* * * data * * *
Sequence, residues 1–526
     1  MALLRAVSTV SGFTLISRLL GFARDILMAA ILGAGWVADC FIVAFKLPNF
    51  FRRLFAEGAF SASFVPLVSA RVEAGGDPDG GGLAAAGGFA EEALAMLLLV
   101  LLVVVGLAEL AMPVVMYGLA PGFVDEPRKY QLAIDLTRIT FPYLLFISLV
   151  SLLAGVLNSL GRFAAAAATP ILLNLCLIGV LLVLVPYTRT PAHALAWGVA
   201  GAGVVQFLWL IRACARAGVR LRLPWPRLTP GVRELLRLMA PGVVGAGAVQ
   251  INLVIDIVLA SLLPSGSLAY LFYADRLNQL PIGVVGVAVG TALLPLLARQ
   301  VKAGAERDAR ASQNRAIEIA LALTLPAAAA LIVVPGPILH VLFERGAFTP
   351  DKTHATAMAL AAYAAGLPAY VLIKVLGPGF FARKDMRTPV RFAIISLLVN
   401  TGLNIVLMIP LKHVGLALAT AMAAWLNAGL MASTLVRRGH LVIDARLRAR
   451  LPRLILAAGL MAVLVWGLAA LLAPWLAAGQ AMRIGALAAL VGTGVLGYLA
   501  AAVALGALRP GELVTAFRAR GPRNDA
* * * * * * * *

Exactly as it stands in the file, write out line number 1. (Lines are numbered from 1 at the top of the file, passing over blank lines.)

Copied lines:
Sequence, residues 1–526